SHIATSU is a physical therapy that supports and strengthens the body’s natural ability to heal and balance itself. It works on the whole person - not just with the physical body, but also with the psychological and emotional aspects of being.
Shiatsu originated in Japan from traditional Chinese medicine, with influences from more recent Western therapies. Although shiatsu means ‘finger pressure’ in Japanese, in practice a practitioner uses touch, comfortable pressure and manipulative techniques to adjust the body’s physical structure and balance its energy flow. It is a deeply relaxing experience and regular treatments can alleviate stress and illness and maintain health and well-being.
As well as the points and meridians of acupuncture, work with the physical body, muscles, joints, and so on, is included.
Massage type strokes like kneading or effleurage are part of shiatsu. It is characterised by extensive use of pressure techniques over acupoints often done using thumb or palms. The pressure varies according to the person, the area of the body, and what the work is being done for. It can be very deep, and help ease out physical tensions. It can be very light and feel soothing.
It is often done on a futon on the floor rather than a massage table
People come to shiatsu for all kinds of reasons and they may come with specific ailments ranging from the acute to the more chronic from the more physical to the more emotional. They may come presenting with structural problems such as bad necks, backs or poor posture, as well as conditions like skin disorders, digestive problems and migraines or with more psychological issues such as depression or stress.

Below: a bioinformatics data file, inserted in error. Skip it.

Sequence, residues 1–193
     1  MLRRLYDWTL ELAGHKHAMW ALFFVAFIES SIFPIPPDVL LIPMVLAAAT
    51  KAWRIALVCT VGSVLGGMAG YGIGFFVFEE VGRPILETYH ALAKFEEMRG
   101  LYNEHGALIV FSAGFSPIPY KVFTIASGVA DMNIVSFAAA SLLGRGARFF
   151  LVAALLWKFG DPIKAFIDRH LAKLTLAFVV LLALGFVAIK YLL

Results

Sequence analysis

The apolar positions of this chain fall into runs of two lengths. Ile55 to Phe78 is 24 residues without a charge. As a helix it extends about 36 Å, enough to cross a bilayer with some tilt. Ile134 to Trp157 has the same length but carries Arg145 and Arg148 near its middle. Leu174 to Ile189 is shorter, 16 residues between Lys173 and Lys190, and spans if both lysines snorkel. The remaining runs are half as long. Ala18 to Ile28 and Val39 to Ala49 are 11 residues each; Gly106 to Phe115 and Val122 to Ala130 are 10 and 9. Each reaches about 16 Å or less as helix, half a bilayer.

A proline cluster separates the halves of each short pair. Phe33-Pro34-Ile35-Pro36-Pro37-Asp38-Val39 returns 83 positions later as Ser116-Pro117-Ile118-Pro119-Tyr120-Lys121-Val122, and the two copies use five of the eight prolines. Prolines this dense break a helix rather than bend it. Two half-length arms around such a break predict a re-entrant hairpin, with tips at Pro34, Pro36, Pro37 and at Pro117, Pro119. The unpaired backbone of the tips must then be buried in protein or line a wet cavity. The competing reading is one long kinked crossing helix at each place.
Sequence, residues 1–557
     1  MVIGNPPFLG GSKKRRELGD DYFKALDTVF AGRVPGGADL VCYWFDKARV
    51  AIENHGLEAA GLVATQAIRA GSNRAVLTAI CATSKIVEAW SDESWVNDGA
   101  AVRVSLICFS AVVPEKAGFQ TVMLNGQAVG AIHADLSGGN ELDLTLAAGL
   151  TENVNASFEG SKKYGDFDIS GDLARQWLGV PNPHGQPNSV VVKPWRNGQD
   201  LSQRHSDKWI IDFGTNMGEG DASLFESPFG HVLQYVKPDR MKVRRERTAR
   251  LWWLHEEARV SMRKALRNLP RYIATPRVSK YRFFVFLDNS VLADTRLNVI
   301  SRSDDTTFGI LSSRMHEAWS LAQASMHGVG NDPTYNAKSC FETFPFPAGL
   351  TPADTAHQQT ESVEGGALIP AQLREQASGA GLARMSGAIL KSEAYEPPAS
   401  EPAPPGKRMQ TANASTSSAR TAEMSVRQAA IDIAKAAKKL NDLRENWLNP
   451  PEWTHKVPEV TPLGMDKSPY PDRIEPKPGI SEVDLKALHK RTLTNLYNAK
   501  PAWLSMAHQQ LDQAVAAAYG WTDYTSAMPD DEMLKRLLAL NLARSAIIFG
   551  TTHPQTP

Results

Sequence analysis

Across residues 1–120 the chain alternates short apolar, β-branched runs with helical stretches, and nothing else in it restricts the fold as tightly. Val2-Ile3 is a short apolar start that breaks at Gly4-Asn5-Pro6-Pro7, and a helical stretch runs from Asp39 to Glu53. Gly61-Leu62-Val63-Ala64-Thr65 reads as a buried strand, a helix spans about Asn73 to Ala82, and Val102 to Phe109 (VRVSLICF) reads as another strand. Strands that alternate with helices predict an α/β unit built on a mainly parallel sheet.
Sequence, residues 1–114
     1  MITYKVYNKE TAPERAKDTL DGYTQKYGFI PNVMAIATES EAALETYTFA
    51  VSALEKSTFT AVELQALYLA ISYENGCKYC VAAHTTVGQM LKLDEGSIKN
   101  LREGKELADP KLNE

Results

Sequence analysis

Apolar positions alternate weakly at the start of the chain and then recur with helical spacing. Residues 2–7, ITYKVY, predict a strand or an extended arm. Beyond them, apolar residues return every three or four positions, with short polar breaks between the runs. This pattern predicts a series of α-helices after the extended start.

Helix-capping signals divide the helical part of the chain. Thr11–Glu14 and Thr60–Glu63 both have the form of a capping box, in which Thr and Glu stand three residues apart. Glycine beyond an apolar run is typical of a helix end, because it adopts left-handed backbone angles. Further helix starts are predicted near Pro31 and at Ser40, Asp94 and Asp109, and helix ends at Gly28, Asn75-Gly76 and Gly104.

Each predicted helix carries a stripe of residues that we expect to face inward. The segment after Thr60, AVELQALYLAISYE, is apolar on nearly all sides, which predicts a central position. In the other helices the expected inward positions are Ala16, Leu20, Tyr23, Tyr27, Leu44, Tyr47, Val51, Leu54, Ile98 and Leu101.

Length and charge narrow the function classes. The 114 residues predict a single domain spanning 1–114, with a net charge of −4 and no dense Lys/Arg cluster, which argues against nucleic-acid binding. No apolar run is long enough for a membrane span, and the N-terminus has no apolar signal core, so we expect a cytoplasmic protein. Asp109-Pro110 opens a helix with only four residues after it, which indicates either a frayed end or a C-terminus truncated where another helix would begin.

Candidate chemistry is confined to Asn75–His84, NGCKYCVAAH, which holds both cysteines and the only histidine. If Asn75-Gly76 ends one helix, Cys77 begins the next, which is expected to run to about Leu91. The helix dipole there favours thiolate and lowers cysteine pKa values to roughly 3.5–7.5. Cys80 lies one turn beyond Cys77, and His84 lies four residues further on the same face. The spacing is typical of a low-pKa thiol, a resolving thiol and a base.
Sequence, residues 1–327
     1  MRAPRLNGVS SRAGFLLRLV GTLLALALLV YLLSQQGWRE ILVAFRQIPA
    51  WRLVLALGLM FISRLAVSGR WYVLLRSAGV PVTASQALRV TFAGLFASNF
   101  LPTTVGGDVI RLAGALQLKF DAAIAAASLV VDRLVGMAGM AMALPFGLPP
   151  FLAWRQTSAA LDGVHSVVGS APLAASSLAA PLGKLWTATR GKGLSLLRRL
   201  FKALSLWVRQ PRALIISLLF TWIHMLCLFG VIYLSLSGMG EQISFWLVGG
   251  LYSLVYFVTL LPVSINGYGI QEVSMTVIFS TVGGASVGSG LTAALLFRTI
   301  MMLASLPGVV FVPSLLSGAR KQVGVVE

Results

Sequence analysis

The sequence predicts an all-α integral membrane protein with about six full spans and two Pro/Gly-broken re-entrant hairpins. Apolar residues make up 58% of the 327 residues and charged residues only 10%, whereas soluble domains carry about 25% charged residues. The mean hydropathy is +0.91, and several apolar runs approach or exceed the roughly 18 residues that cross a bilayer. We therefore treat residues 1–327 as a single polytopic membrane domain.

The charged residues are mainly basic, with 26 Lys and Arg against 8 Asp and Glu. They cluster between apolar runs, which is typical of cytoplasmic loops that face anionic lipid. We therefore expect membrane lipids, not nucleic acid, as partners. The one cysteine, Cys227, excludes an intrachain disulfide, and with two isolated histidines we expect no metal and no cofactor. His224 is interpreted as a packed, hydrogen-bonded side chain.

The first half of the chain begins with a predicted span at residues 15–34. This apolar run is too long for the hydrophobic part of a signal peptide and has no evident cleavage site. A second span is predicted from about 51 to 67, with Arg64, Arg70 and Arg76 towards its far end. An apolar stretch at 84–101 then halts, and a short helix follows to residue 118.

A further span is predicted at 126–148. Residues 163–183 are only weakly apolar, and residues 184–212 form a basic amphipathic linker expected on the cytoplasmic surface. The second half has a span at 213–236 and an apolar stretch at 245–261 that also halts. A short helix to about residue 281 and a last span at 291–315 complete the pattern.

As shiatsu is simply working to support your body, then it can work alongside other approaches, whether they are more physically based or emotionally based.
Usually the session begins with some time for sharing any relevant issues, whether physical or emotional. so that the treatment can be tailored to your needs . This is followed by 40 -50 minutes of hands on work, a short rest and then feedback. Suggestions may be worked out together for exercises or activities which support the work of the session.
The work is usually done on a futon, a light cotton mattress on the floor. If people don’t want to, or are not able to, lie down, sitting or other positions can be used. It is recommended to wear loose fitting clothes; tracksuit bottoms or light cotton trousers are ideal. Avoid having a heavy meal before the session. It is advisable to rest for at least one hour afterwards, as the process continues after the actual session is over. The effects may be experienced immediately, or after several days.
The whole process is very individual and is tailored to each person’s needs. Most people begin coming at 2 or 3 week intervals. They may then decide to come monthly, or as they need to, which may only be every 6-8 weeks. In acute conditions, such as bad back, or severe depression, people will probably come weekly until they begin to feel better.
source text: wellmother.org, shiatsusociety.org